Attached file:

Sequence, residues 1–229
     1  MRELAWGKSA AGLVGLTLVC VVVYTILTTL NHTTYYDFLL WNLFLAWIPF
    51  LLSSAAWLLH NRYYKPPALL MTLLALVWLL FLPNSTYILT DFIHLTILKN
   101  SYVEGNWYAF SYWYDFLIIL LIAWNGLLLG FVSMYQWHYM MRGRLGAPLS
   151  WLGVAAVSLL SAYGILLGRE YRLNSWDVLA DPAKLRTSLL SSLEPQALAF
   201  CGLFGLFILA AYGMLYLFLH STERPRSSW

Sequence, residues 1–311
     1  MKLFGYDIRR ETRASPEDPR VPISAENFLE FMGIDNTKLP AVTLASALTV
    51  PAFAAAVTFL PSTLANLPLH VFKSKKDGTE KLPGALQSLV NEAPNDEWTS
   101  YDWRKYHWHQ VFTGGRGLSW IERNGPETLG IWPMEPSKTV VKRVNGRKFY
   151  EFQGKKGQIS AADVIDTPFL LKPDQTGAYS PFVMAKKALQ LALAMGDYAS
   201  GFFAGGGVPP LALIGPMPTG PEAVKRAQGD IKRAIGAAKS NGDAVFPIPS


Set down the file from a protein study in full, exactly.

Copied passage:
Sequence, residues 1–229
     1  MRELAWGKSA AGLVGLTLVC VVVYTILTTL NHTTYYDFLL WNLFLAWIPF
    51  LLSSAAWLLH NRYYKPPALL MTLLALVWLL FLPNSTYILT DFIHLTILKN
   101  SYVEGNWYAF SYWYDFLIIL LIAWNGLLLG FVSMYQWHYM MRGRLGAPLS
   151  WLGVAAVSLL SAYGILLGRE YRLNSWDVLA DPAKLRTSLL SSLEPQALAF
   201  CGLFGLFILA AYGMLYLFLH STERPRSSW

Sequence, residues 1–311
     1  MKLFGYDIRR ETRASPEDPR VPISAENFLE FMGIDNTKLP AVTLASALTV
    51  PAFAAAVTFL PSTLANLPLH VFKSKKDGTE KLPGALQSLV NEAPNDEWTS
   101  YDWRKYHWHQ VFTGGRGLSW IERNGPETLG IWPMEPSKTV VKRVNGRKFY
   151  EFQGKKGQIS AADVIDTPFL LKPDQTGAYS PFVMAKKALQ LALAMGDYAS
   201  GFFAGGGVPP LALIGPMPTG PEAVKRAQGD IKRAIGAAKS NGDAVFPIPS